Democratic leaders in the House and Senate will unveil a broad economic agenda Monday, hoping to unite the disparate wings of their caucuses and win back working-class voters who fled the party last year.
The party’s messaging strategy is the culmination of months of internal meetings and polling after a disappointing 2016 election that left Democrats reeling and many complaining they had no message to offer the public other than being against President Donald Trump.
“The number one thing that we did wrong is we didn’t tell people what we stood for,” Senate Minority Leader Chuck Schumer (D-N.Y.) said Sunday on ABC’s “This Week.”
To fill that void, Democrats are adding pitches aimed at battling corporate overreach to an economic platform that already includes a trillion-dollar infrastructure plan and paid family leave. Party leaders are also proposing a new independent agency to oversee prescription drug prices similar to the Consumer Financial Protection Bureau launched by Sen. Elizabeth Warren as well as an independent “competition advocate” that would police corporate mergers.
"We have these huge companies buying up other big companies,” Schumer said. “It hurts workers and it hurts prices.”
Democrats are launching the agenda under the slogan “A Better Deal,” which POLITICO reported earlier this month. It’s designed as a nod to Franklin D. Roosevelt’s “New Deal,” which helped usher in the modern-day Democratic Party, and also as a dig at Trump, who bills himself as the world’s greatest deal-maker.
Midterm election agendas don’t necessarily have to sear themselves into voters’ minds to be successful. The GOP’s 1994 "Contract With America" still lingers in the popular lexicon, while Democrats’ 2006 "New Direction for America" faded quickly. But both coincided with the minority party seizing the House and Senate.
Democrats know that if they can’t sell the public on the substance of the program, the label won’t matter.
"I’m not sure that the name is what is going to ultimately win votes," Sen. Chris Murphy (D-Conn.), who helped develop the package of proposals, said in an interview.
Schumer, House Minority Leader Nancy Pelosi (D-Calif.), and other top Democrats, including Warren, a Massachusetts liberal, and Rep. Cheri Bustos, who represents a Trump-won district in Illinois, will roll out their new agenda in Berryville, Va.
Democrats chose the predominantly white, northern Virginia area represented by Republican Rep. Barbara Comstock because it’s exactly the kind of district they need to win to take back Congress next year.
Democrats campaigned heavily in Comstock’s district and others like it last year with hopes that a Trump backlash would deliver them the Senate majority and a double digit gain in the House. They came up nearly empty-handed as Trump prevailed: Republicans held onto both the Senate and the House, with Democrats only picking up six seats in the lower chamber.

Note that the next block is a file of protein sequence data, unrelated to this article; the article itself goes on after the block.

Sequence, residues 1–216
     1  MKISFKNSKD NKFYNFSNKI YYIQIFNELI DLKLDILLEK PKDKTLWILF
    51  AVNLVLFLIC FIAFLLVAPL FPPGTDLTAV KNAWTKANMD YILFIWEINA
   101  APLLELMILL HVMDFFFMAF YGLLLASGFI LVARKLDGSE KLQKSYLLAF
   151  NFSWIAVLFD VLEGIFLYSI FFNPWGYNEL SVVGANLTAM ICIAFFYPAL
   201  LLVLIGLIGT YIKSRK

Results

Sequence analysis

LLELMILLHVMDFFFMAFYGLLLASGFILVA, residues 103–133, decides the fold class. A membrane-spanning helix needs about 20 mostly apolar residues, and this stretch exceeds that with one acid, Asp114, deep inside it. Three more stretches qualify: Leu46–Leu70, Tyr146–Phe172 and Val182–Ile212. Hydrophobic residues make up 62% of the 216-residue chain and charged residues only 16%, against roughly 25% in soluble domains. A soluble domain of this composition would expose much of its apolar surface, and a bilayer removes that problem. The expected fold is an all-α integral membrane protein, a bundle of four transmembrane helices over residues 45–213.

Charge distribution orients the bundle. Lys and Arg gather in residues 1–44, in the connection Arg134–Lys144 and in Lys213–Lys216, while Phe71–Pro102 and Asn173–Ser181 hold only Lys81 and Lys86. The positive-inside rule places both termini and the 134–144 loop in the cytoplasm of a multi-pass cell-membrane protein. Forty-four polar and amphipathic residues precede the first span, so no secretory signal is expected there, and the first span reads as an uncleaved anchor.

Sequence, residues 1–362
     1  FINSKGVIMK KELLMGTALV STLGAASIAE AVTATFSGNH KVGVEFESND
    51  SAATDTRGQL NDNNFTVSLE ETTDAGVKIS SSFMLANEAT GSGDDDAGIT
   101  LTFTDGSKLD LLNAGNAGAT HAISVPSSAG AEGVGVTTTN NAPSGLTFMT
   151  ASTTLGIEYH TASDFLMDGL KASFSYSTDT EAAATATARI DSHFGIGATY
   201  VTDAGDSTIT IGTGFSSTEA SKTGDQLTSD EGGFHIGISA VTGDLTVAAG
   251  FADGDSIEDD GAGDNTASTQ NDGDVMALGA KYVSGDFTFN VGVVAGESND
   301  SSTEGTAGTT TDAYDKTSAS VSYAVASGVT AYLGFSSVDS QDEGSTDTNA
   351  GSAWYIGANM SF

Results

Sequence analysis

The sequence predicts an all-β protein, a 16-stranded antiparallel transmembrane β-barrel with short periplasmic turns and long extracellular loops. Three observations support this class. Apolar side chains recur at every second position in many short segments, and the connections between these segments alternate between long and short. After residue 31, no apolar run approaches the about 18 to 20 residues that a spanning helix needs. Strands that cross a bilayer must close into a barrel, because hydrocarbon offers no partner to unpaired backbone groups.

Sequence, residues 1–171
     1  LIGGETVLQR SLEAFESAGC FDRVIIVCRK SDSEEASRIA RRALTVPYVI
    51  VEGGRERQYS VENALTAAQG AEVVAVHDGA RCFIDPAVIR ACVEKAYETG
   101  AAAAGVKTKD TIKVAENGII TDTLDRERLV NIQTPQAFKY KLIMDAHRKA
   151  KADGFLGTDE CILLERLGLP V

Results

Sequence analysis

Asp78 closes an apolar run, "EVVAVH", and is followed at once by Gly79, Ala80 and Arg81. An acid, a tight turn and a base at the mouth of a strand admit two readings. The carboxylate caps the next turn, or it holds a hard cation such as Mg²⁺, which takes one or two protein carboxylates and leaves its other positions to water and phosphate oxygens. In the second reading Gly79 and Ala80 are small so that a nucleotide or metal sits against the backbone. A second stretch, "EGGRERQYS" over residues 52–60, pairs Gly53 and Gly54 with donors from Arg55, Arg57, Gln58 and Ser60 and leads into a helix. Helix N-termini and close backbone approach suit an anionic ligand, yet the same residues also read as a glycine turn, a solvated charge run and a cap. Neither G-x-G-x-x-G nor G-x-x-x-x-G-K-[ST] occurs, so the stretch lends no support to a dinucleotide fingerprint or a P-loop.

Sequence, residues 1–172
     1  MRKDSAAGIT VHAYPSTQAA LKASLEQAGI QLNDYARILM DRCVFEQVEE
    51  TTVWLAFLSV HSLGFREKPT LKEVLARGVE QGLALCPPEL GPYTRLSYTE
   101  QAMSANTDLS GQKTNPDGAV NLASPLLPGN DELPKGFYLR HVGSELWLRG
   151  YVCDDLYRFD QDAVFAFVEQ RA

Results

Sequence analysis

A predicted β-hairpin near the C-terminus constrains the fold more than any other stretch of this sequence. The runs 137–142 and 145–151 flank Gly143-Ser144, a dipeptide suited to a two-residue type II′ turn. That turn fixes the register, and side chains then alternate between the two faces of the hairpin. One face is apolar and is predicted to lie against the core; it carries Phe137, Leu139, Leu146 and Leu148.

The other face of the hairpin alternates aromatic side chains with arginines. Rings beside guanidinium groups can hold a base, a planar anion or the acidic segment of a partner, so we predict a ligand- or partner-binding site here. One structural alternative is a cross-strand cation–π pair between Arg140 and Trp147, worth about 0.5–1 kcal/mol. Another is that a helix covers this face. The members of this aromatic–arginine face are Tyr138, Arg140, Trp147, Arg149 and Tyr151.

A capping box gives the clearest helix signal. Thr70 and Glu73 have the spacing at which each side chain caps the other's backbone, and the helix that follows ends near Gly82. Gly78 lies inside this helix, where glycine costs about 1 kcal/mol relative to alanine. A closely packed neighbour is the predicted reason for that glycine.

Democrats have since waged a tug-of-war between an invigorated liberal base and a shrinking wing of centrists over the party’s identity.
But Schumer said Democrats’ new agenda, which members will field test during next month’s recess, weaves together ideas from both sides of the party while avoiding third-rail topics like single-payer health care, a rallying cry for the left. Still, he told ABC that single-payer is one of many health care ideas "on the table" down the road.
The first portions of the “Better Deal” agenda, which is set to grow as the midterms near, call for a new tax credit designed to spur hiring and new standards designed to give antitrust regulators a firmer hand in ensuring that corporations commit to consumer-friendly changes before being allowed to merge. Democrats also want Medicare to be able to negotiate prescription drug prices, a Trump campaign promise that he flirted with pursuing with Democrats but has since gone nowhere.
Schumer acknowledged that Democrats’ message echoes Trump’s populist rhetoric, but vowed that Democrats would do what the president has so far failed to do, despite working with a Republican-controlled Congress: deliver on campaign promises.
“We are going to fill that gap in a way that’s really going to resonate with the American people,” Schumer said.
Party leaders know they have their work cut out for them. Even as polls show Democrats ahead on the generic congressional ballot, they currently fail to outpace the GOP in enthusiasm among likely voters next year.
"As Democrats, we love messaging by demographic group. We love cultural issues. We don’t like repeating the same economic message over and over again," Murphy said. "The real work is not putting this agenda together. The real work is making sure Democrats are disciplined in talking about it to every group that they go to."